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Location: Baltimore-DC Area

Author who writes for a living and lives for writing. // WOMB: a novel in utero (Merge Publishing 2017) // TRACKS: A Novel in Stories (Atticus Books 2011) // FLIGHTLESS GOOSE, a storybook for children (Writers Lair Books 2008) // www.EricDGoodman.com

Friday, January 28, 2011

Updike Down

Is it just me, or does it seem that we’re losing our Great American Writers?

Watching them fall like a heavy rain of letters and semicolons.

I woke with that thought yesterday. It ended up being the opening of the first and only poem I’ve written this year. Like much of my creative fiction and poetry, the idea comes to live in my head and roosts: I sit on a train and look at all of the passengers and imagine their lives; I imagine what it must be like for a child inside the womb; I watch a spider ride a wave down the drain of the shower and wish it hadn’t gone so soon.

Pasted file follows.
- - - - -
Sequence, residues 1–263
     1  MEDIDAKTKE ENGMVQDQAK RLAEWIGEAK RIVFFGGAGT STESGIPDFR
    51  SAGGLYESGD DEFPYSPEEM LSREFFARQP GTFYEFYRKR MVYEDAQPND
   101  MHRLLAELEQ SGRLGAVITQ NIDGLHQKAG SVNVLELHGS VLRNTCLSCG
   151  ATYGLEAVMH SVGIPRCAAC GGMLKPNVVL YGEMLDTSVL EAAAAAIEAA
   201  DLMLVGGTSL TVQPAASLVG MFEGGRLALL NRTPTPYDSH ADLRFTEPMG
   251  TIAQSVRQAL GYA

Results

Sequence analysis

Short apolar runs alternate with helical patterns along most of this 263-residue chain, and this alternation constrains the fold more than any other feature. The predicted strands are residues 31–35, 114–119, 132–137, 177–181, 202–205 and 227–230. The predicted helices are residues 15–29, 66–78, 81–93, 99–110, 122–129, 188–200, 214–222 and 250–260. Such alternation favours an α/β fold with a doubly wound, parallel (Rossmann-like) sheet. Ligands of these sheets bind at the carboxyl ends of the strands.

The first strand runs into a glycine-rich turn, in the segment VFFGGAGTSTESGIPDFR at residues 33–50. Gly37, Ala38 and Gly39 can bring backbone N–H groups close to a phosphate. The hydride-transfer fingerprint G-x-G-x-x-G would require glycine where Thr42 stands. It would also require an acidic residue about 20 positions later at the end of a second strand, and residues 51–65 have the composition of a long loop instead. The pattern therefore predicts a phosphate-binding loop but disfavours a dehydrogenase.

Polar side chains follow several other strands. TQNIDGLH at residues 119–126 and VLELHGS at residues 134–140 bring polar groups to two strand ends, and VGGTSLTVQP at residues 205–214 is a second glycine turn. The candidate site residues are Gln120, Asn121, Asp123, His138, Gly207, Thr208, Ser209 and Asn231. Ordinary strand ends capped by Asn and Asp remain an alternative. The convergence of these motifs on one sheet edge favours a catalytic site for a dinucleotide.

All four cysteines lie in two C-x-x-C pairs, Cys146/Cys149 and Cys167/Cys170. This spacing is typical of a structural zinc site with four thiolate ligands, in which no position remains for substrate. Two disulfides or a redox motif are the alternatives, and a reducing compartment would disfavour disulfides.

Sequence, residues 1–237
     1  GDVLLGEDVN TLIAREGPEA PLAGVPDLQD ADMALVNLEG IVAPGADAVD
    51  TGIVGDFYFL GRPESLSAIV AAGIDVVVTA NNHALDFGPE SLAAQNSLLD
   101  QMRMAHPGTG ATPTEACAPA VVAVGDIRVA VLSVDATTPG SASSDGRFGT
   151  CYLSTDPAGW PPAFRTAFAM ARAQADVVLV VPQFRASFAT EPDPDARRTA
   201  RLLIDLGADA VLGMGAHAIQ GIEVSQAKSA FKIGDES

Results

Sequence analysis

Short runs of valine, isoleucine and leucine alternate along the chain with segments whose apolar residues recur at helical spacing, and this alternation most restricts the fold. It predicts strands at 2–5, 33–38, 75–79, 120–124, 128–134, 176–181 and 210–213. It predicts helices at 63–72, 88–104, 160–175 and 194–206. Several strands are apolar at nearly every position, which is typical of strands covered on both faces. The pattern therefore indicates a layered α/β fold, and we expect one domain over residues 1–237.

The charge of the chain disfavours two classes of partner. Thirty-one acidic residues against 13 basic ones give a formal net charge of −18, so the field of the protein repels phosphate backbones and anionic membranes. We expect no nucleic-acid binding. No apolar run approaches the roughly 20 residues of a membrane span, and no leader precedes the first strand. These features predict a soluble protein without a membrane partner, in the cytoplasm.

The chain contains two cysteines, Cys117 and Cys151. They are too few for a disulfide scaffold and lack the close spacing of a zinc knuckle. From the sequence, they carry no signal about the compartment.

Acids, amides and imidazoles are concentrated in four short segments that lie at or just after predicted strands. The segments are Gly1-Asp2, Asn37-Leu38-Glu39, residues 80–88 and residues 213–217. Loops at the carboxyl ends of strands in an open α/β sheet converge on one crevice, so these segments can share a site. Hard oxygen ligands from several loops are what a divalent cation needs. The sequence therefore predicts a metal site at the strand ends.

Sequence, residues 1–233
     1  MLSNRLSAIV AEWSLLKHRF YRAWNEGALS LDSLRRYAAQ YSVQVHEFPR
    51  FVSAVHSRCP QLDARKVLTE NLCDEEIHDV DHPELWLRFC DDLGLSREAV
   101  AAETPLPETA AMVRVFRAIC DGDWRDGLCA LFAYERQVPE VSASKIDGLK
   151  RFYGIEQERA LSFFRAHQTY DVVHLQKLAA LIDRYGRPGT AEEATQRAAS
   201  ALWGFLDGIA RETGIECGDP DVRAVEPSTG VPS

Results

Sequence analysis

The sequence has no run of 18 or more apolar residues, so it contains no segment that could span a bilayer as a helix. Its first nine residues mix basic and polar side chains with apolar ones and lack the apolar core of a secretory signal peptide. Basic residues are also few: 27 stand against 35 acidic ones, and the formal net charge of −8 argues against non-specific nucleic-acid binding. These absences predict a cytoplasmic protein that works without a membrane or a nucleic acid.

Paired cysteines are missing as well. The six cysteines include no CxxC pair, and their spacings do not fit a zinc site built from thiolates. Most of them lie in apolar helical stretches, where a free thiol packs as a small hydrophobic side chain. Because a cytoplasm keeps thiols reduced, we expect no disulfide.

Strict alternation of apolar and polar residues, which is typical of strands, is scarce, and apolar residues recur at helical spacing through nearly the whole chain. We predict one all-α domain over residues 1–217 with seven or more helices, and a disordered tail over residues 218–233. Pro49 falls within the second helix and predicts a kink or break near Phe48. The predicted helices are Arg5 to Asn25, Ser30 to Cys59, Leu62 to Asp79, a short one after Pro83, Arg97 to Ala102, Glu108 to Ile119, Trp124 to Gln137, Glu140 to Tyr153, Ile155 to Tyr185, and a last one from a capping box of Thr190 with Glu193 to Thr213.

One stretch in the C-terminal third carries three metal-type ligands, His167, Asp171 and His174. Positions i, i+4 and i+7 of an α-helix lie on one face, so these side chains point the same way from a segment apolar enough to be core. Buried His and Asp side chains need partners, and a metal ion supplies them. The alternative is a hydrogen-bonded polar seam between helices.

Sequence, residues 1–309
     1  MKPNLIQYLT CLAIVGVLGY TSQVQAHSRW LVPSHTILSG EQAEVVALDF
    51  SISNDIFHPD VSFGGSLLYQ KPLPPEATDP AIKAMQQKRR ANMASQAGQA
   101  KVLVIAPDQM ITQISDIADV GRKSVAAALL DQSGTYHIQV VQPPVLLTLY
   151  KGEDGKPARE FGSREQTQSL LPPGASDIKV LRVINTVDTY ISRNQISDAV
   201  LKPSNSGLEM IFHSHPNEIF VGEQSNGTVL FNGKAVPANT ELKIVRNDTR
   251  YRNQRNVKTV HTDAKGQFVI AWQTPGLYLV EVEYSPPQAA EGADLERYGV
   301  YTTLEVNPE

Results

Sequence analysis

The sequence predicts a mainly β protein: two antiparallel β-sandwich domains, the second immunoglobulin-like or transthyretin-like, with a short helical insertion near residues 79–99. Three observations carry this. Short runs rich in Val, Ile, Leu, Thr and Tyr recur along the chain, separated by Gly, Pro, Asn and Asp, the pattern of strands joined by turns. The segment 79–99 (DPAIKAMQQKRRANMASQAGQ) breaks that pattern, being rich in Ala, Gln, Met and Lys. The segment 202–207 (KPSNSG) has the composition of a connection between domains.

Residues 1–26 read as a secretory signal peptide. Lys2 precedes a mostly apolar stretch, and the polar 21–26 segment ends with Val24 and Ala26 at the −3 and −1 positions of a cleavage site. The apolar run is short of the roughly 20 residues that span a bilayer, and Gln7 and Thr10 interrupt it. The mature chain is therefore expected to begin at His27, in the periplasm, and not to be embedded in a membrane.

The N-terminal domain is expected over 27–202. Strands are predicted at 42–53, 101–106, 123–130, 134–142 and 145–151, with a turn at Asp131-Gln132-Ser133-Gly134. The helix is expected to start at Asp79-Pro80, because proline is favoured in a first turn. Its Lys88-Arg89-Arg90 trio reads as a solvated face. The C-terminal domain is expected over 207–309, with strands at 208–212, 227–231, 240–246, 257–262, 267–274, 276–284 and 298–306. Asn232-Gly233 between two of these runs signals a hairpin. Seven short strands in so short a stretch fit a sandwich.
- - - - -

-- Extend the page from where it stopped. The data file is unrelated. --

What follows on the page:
This thought—about the great writers dying off—came yesterday when I realized it was the two-year anniversary of John Updike’s death.

Updike, like Rabbit, is at rest.

Sure, there are still hundreds, probably thousands, of Great American Writers. But somehow Updike is lodged in my mind as one of the giants, a powerhouse in league with Hemingway, Steinbeck and Faulkner; Henry James and Mark Twain. A writer of serious literature. There are masterful authors at work now, certainly. But when it comes to the representatives of literature, the old men in tweed jackets, sleeves rolled up and a single slice of paper rolled in the typewriter … have they all died off?

If not, will they soon? Who are the contenders in the collective conscious of the universal library? Roth? Irving? Franzen? Wolfe? McDermott?

(We’ve recently lost contenders Wallace, Mailer and Vonnegut.)

Now, with Updike down, who will carry on the tradition? Who will play the music of heavy keys and bleeding fingers, clanking out a soundtrack of antiquated print?

Any nominations?

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